Mathematical Problems in Engineering

Mathematical Problems in Engineering / 2013 / Article

Research Article | Open Access

Volume 2013 |Article ID 413431 |

Xiaoping Li, Wenjie Wang, Bobin Yao, Bin Yang, Qinye Yin, "Computationally Efficient Robust Chinese Remainder Theorem for Frequency Estimation from Undersampled Waveforms", Mathematical Problems in Engineering, vol. 2013, Article ID 413431, 6 pages, 2013.

Computationally Efficient Robust Chinese Remainder Theorem for Frequency Estimation from Undersampled Waveforms

Academic Editor: Alexei Mailybaev
Received28 Apr 2013
Revised26 Oct 2013
Accepted13 Nov 2013
Published03 Dec 2013


We present an efficient algorithm based on the robust Chinese remainder theorem (CRT) to perform single frequency determination from multiple undersampled waveforms. The optimal estimate of common remainder in robust CRT, which plays an important role in the final frequency estimation, is first discussed. To avoid the exhausted searching in the optimal estimation, we then provide an improved algorithm with the same performance but less computation. Besides, the sufficient and necessary condition of the robust estimation was proposed. Numerical examples are also provided to verify the effectiveness of the proposed algorithm and related conclusions.

1. Introduction

Frequency estimation from noisy sinusoid is a hot research topic in engineering, which is applied in almost all engineering fields, such as communications, radar, astronomy, medicine, measurements, and geophysical exploration [16]. At present, many of the strategies are based on the Nyquist sampling theorem, for instance, discrete Fourier transform (DFT) algorithm [79], the least-error squares algorithm [1013], and equally spaced samples algorithm [14]. However, one of the main drawbacks of these methods is that the sampling frequency is usually proportional to the original frequency, which requires much higher speed analog-to-digital convertor. Recently, frequency estimation from undersampled waveforms has been studied in [1517]. The basic idea of these methods is to fuse multiple remnant information provided by multiple sub-Nyquist sampled sequences. Then the original frequency can be reconstructed by using the Chinese remainder theorem (CRT) [1820]. The biggest merit of these methods is that they greatly decrease the rigorous requirement for hardware; that is, a very high frequency can be determined by several lower rate sample devices. In addition, the method is also used in synthetic aperture radar [21, 22] and wireless sensor network [23].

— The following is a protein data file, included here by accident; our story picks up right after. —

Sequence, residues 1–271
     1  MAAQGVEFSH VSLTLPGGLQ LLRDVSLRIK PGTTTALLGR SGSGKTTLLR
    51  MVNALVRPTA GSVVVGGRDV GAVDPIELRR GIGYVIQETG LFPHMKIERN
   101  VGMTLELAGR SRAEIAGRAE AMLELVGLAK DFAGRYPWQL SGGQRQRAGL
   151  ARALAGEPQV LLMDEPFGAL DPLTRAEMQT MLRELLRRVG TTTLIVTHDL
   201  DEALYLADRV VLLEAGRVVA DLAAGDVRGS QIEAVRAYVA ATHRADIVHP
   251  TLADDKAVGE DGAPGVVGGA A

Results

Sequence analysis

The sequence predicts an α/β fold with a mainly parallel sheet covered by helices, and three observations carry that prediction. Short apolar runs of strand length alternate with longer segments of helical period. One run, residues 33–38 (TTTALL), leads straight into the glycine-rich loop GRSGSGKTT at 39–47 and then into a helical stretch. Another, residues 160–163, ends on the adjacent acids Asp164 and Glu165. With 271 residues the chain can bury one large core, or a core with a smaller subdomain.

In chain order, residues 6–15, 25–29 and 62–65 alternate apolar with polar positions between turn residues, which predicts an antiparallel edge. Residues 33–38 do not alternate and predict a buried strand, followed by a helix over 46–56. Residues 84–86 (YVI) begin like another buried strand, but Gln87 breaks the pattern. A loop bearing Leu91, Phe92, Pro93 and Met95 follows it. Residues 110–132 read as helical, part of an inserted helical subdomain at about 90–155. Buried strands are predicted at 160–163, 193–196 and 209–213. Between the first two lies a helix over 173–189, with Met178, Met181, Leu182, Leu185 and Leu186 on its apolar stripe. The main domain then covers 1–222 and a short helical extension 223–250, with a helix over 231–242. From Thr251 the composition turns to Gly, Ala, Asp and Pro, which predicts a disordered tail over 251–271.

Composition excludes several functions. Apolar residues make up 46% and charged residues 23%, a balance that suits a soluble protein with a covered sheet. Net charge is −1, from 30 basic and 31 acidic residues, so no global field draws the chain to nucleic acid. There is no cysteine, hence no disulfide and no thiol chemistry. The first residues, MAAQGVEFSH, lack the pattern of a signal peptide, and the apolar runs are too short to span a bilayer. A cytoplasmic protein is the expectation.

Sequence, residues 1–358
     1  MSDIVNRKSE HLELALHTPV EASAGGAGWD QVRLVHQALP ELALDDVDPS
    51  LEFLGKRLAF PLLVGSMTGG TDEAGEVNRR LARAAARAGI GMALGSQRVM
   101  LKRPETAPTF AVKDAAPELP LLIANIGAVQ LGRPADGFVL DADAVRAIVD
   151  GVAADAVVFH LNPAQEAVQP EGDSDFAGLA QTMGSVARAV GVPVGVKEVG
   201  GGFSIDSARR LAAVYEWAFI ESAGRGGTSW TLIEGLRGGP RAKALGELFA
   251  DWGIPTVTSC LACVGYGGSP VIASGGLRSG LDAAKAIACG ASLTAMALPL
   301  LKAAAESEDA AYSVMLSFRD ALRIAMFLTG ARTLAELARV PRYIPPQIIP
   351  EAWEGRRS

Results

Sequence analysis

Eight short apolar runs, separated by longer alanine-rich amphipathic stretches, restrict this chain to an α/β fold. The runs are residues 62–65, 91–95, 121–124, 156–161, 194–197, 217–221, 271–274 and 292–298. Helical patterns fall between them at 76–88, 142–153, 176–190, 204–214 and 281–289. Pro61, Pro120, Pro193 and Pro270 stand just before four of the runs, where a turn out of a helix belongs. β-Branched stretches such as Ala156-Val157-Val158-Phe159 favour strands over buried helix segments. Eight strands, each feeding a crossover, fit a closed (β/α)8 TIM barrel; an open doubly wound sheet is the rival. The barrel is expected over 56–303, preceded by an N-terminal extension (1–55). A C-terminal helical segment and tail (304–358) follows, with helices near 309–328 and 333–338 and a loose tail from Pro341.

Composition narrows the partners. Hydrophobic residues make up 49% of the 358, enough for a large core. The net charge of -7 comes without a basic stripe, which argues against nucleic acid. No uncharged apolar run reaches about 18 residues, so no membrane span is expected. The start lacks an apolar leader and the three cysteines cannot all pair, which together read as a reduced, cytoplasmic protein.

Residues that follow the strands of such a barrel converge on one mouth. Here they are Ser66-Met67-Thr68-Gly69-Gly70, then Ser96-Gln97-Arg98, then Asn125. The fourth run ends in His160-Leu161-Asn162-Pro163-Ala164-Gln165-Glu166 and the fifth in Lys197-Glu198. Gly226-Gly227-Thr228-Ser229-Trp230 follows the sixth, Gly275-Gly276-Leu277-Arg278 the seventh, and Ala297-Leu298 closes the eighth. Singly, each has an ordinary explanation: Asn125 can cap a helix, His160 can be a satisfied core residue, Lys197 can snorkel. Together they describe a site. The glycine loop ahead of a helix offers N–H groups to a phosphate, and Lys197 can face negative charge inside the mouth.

The problem of frequency determination in undersampled condition is summarized as follows.

Assume that a single frequency signal is modelled as a complex sinusoid form: where is an unknown frequency we are interested in the signal and it may be high, is the signal amplitude, and . In practical applications, noises are unavoidable and thus lead to the received signal having the following expression: where denotes noise.

Let the sampling rates be , . Then we can get the corresponding sampled signal as follows: If the sampling duration is seconds, then

The -point DFT of each of the aforementioned sampled signals may provide an estimate of the original frequency. Becauseare much smaller than in practical applications, the -point DFT only provides a folded remainder of modulo . These remainders may be erroneous when the signal is contaminated by the additive noise. So, the above frequency estimation problem is equivalent to determining the original number from the erroneous remainders , .

This problem has been studied in [17] where a fast robust CRT algorithm is proposed. However, the number of searches is high and no closed-form solution is provided. It has been validated that this method has a poorer performance than the improved closed-form robust CRT (ICRT), which is proposed in [24]. The latter method improved the performance because of the remainders’ proper choosing. However, the estimation of common remainder requires searching, which leads to a high computation complexity. Motivated by this, we propose a computational efficient algorithm which has the same performance as the ICRT method but with much less computation.